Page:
Evaluating the Mission: A Critical Review of the History and Evolution of the Sec Enforcement Program

By Atkins, Paul S.; Bondi, Bradley J. | Fordham Journal of Corporate & Financial Law, May 1, 2008 | Go to article overview

Evaluating the Mission: A Critical Review of the History and Evolution of the Sec Enforcement Program


Atkins, Paul S., Bondi, Bradley J., Fordham Journal of Corporate & Financial Law


The United States Securities and Exchange Commission (the "SEC" or "Commission") is nearing its seventy-fifth anniversary, a milestone that will be marked by reflection on the past and contemplation of the future.1 During this time of introspection, the Commission should take the opportunity to examine the manner in which it has reacted to the growth and changes in its regulatory authority and in the capital markets. One constant throughout its history has been the SEC's need to balance competing interests. The SEC's stated mission reflects this tension. Today, that mission is composed of three objectives: "to protect investors; maintain fair, orderly, and efficient markets; and facilitate capital formation."2

Historically, the SEC's mission has focused on investor protection. As the sec and its regulatory powers have grown in response to the ever more complex and international financial services markets, the seemingly straightforward mission of investor protection has become more intricate and multidimensional, prompting questions such as, "Who are the investors that should be protected?" and "How should they be protected?" After all, investors range in sophistication, size, activity, goals, needs, and other attributes. They include traditional individual and institutional investors in the securities markets, traders, and foreign entities seeking to invest in the United States.3 Choices that the SEC makes in its rulemaking and other activities can favor or disfavor one group of investors over another. A rule beneficial for one investor may be detrimental to another, depending on an investor's investment strategy or changing circumstances. Indeed, because investors ultimately pay for inefficiencies arising from regulatory mandates through direct or indirect costs, diminished returns, and reduced choice, the rules must be made with careful analysis and deliberation. Congress acknowledged this potential harm in 1996 when it revised the SEC's statutory mandate to expressly require the SEC "to consider or determine whether an action is necessary or appropriate in the public interest" and to "consider, in addition to the protection of investors, whether the action will promote efficiency, competition, and capital formation."4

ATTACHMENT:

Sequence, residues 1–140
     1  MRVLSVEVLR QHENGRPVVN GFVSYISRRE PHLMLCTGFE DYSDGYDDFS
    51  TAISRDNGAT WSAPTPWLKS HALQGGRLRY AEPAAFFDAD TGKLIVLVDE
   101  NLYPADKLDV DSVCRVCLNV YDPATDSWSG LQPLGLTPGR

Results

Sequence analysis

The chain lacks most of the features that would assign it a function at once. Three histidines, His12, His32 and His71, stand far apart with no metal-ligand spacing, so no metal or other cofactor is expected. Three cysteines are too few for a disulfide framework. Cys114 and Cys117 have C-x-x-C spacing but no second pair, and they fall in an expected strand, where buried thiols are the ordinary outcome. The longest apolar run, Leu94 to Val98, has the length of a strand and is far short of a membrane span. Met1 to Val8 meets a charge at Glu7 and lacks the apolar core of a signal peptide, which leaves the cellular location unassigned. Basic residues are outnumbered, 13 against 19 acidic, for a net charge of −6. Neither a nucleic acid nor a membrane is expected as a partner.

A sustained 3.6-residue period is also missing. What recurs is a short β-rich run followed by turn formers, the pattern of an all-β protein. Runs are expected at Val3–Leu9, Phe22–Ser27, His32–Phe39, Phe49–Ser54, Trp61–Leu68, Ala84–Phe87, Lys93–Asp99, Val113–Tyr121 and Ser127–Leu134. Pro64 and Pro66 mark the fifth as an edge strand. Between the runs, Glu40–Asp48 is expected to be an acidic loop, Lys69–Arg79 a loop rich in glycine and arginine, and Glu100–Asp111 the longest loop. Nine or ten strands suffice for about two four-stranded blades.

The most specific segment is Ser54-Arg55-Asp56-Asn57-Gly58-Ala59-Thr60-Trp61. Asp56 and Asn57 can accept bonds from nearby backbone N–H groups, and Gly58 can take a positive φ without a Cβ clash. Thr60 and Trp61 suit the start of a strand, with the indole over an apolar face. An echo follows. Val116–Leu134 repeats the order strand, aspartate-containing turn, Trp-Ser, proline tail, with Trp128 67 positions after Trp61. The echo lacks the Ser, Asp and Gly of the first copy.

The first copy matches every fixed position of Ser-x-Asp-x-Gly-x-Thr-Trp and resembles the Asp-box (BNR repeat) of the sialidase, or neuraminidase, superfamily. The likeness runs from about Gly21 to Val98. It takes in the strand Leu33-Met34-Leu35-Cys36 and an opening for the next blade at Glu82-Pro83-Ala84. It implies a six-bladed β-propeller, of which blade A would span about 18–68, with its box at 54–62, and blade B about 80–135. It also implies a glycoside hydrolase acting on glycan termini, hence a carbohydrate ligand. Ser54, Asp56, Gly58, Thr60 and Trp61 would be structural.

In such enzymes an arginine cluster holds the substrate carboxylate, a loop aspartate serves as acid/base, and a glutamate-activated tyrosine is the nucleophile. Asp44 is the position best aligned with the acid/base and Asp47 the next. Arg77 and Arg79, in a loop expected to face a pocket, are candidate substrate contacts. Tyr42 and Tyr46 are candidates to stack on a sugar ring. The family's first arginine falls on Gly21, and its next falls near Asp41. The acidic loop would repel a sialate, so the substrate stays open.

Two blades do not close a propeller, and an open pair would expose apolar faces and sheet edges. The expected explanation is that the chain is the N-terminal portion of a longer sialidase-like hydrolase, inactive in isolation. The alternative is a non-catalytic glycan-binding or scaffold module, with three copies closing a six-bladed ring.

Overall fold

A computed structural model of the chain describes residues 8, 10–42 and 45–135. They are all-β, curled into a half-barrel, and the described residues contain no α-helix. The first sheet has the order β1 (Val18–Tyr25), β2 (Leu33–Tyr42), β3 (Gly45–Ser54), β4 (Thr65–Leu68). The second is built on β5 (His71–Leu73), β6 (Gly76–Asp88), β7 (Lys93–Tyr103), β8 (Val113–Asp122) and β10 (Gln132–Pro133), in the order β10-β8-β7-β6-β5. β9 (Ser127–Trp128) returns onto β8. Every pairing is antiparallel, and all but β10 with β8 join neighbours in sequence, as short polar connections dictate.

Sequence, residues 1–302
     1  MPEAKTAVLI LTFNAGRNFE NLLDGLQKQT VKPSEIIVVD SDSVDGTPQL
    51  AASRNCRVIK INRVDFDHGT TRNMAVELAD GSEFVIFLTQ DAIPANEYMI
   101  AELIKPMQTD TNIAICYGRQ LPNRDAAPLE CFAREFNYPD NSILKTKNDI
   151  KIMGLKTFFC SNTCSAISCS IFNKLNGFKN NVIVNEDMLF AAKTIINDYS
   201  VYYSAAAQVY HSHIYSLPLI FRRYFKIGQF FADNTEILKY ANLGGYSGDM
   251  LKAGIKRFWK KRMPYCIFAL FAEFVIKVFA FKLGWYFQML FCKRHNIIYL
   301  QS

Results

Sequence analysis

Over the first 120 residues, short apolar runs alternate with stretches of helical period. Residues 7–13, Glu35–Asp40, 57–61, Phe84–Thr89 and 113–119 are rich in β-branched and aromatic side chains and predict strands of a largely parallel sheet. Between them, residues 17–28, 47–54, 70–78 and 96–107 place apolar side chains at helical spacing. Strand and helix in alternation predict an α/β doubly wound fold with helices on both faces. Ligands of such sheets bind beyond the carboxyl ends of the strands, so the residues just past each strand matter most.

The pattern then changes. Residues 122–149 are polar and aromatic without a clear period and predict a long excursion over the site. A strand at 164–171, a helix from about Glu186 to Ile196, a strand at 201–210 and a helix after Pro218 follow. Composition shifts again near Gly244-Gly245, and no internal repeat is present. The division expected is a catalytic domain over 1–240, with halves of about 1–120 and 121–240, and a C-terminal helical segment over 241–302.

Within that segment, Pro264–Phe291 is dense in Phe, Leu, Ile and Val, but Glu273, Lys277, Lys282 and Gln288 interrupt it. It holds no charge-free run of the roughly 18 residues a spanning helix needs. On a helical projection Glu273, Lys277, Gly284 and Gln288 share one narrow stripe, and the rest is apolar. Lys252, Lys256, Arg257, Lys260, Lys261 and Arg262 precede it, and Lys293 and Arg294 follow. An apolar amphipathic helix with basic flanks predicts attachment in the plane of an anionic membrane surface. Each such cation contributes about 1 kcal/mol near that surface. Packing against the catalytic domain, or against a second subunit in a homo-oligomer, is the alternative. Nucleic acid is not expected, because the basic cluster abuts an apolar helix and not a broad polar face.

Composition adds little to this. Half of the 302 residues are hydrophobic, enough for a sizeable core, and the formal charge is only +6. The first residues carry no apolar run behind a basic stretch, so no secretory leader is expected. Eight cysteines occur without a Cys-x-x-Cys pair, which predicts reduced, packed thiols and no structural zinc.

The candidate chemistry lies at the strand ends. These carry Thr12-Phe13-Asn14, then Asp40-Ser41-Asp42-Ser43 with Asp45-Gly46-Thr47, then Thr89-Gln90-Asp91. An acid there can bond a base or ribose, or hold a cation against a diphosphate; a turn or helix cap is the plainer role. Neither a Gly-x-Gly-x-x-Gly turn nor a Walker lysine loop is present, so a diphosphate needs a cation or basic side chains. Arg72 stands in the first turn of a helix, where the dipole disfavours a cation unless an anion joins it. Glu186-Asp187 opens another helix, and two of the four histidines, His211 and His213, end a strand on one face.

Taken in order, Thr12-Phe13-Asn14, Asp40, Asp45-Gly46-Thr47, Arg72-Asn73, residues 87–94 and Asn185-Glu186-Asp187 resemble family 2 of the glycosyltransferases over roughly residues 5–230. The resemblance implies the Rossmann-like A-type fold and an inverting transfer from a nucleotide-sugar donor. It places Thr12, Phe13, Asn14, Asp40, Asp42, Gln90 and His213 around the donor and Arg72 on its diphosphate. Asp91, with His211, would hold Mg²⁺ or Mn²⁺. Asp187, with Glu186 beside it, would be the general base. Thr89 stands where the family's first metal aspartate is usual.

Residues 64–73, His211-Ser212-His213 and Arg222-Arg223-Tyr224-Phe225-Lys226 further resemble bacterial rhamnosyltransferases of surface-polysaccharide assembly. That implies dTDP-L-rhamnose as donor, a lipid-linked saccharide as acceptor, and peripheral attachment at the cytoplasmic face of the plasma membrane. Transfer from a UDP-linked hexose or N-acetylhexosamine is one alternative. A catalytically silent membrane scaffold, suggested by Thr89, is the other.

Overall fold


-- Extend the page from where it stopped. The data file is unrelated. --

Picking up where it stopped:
This multidimensional aspect of investor protection applies not only to rulemaking, but also to enforcement matters. Each enforcement matter involves in some degree a balancing of competing interests, some at a pragmatic, case-specific level and others at a higher policy level. For example, in distributing money recovered in an enforcement action against a bankrupt company, the SEC conceivably could decline a distribution to all investors and instead choose a distribution that favors one class of investor over another, such as common stockholders over senior debtholders, which by virtue of their preferred position may have had greater recovery per dollar invested than did common stockholders, but still fell short of their desired recovery. In its overall enforcement program, the SEC's decisions about resource allocation, charges to be brought, and relief to be sought may enhance the protection of one group of investors at the potential cost of another. Advancing a novel legal theory may protect the group of investors in a particular case, but have unintended detrimental consequences to investors as a whole.5

The enforcement decisions of the SEC must be guided by the multidimensional nature of the sec's mission of protecting investors; maintaining fair, orderly, and efficient markets; and facilitating capital formation. The difficult choices of balancing conflicting interests must be guided by the transcendent principles of predictability, fairness, and transparency, culminating in the rule of law. These principles are the defining characteristics of the U.S. markets.

In order to assess the SEC's application of these principles to its enforcement decisions, this Article investigates the shifting focus of the SEC's enforcement program from its inception to the present day. …

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